He continued teaching, holding positions in various provinces, eventually settling in Pretoria. In 2018, he gave up education to pursue a career in writing, which he describes as his “hobby when he was growing up” (although he did have two short stories published in the 1980s).
He has dedicated himself to writing fulltime now and his first book, ‘Harvest of my times’ is “on the publisher’s desk undergoing evaluation”.
He says he retired from teaching not having saved as much as much as he would have liked. He describes this is a consequence of lack of financial planning, which is “a legacy of my times and several other factors”. This description sounds quite ordinary, run of the mill even, but it must have come as an enormous blow to discover later in his working life that “pension buy-back” had never been discontinued in South Africa, but only in the so-called independent Bophuthatswana, where they had their own “independent” Government Employees Pension Fund.
Godfrey can hardly be accused of lack of planning, which we know was all too common a problem in a generation that lacked access to the information and technology that is so widely available now.
Godfrey and Salmina’s children, who are both at university now, are living in a very different world from the one their parents encountered in South Africa from the Sixties to the Eighties. Notwithstanding the enormous challenges of living on the wrong side of privilege in a segregated South Africa, it is hard enough for anyone to catch up on a missing decade early in their saving careers.
To add to a difficult situation, Godfrey says, exiting the GEPF at 55 “is costly as penalties are levied on your pension”, although he discovered that these would be waived if he transferred his savings to a preservation fund or living annuity. He had little knowledge about these funds so he set about doing his research, and it was Google that led him to 10X Investments.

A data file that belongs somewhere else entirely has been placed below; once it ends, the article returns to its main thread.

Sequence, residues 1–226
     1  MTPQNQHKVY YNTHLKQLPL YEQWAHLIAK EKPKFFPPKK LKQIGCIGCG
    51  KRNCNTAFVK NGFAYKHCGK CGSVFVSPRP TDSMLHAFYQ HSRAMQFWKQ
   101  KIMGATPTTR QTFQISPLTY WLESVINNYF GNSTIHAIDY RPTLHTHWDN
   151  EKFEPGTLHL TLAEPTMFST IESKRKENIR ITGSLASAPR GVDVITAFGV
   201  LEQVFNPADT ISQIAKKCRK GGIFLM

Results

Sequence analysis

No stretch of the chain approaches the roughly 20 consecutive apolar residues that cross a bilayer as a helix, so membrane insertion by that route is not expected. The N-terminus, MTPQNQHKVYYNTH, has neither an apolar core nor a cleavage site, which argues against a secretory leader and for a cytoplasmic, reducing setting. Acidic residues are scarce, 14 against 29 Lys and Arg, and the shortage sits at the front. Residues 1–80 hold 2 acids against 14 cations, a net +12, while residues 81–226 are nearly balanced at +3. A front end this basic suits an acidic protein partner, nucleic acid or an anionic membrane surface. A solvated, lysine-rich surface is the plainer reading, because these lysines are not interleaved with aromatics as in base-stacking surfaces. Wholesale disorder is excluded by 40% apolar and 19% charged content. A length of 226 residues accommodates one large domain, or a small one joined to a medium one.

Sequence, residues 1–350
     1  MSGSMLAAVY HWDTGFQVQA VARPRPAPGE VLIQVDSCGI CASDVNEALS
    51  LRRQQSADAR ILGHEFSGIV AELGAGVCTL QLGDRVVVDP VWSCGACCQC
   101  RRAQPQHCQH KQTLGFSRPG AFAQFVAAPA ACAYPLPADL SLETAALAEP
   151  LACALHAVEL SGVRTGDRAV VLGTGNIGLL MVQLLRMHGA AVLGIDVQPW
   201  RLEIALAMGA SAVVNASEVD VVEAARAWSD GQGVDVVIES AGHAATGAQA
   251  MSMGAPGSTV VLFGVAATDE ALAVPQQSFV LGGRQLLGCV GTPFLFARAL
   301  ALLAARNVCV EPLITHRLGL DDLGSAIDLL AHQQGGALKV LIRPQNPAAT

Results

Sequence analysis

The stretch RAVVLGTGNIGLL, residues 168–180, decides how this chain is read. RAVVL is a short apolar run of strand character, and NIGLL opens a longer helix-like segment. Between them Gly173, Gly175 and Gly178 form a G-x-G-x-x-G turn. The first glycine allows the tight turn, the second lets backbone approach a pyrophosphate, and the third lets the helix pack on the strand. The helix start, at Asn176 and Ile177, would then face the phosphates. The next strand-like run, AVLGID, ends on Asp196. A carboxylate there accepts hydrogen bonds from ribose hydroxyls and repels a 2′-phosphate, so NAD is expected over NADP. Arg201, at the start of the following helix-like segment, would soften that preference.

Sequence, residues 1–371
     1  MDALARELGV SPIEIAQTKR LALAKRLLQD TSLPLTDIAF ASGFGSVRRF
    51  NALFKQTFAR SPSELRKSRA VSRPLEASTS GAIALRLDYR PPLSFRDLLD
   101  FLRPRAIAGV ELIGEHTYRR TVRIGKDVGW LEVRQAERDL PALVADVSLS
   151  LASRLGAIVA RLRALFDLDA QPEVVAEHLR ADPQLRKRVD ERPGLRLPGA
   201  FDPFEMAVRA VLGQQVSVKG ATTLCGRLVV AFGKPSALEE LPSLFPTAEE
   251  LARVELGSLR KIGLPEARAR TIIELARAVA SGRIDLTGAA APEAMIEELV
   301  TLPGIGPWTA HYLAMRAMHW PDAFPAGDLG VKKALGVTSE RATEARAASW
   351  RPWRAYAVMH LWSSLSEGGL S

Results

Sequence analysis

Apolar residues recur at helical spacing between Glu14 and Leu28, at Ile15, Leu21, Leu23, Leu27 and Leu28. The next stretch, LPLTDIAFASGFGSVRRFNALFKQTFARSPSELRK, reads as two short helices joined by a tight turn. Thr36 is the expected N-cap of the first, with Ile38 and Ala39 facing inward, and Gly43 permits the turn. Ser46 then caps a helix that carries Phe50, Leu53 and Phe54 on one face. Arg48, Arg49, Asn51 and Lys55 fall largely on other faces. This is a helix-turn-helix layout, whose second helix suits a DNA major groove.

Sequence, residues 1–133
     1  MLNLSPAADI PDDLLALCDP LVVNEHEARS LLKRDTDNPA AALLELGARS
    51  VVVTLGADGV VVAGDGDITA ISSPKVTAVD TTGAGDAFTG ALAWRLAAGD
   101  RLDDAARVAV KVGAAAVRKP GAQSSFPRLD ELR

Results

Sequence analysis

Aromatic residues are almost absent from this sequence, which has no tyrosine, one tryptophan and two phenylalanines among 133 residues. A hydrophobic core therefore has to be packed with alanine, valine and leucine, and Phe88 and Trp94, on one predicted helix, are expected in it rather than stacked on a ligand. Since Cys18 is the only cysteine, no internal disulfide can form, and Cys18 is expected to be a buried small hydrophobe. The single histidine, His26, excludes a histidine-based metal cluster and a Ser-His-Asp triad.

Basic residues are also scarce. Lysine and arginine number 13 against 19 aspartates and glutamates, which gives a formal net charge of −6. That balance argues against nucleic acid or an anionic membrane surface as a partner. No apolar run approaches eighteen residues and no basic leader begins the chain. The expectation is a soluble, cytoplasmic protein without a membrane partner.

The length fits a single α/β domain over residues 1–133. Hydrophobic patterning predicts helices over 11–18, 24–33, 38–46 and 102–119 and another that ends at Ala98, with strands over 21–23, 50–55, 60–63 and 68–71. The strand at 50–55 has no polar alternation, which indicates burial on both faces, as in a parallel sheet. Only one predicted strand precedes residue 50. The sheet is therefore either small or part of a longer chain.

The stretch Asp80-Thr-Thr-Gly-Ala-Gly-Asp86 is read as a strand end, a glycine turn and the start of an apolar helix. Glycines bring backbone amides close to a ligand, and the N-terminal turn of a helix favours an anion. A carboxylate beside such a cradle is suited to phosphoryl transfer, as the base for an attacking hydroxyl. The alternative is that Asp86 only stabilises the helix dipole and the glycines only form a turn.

“No one had heard about 10X, but a background check convinced me I could trust my savings with them,” he says. “I must add it was a difficult move to make as I relied solely on the internet and my friend who works in auditing.”
After doing more research and “discounting the competitors”, Godfrey says he visited the 10X website and filled in a request for a retirement expert to get in touch with him. 10X’s Andre Tuck made contact and assisted with the opening of a preservation fund account.
Any lingering worries were allayed when Godfrey took his pension transfer forms to the GEPF and asked about 10X. “They confirmed that 10X was a registered service provider I could trust.”
The actuarial value of his pension was transferred from GEPF to 10X Investments and, in Godfrey’s words, a “new journey began”. He adds that he soon learned that Living Annuities are not for the faint hearted.
Godfrey says he joined 10X at a very volatile period, and from the My10X portal “I could watch my savings rise phenomenally before retreating”.
He admits that it could be a bit alarming at times, but with knowledge of 10X’s “undisputed track record” and counsel from the 10X team, including Retirement Fund Administrator Alvin Whittles, he says he “quickly adjusted to the idea that my portfolio is sensitive to political and economic realities”.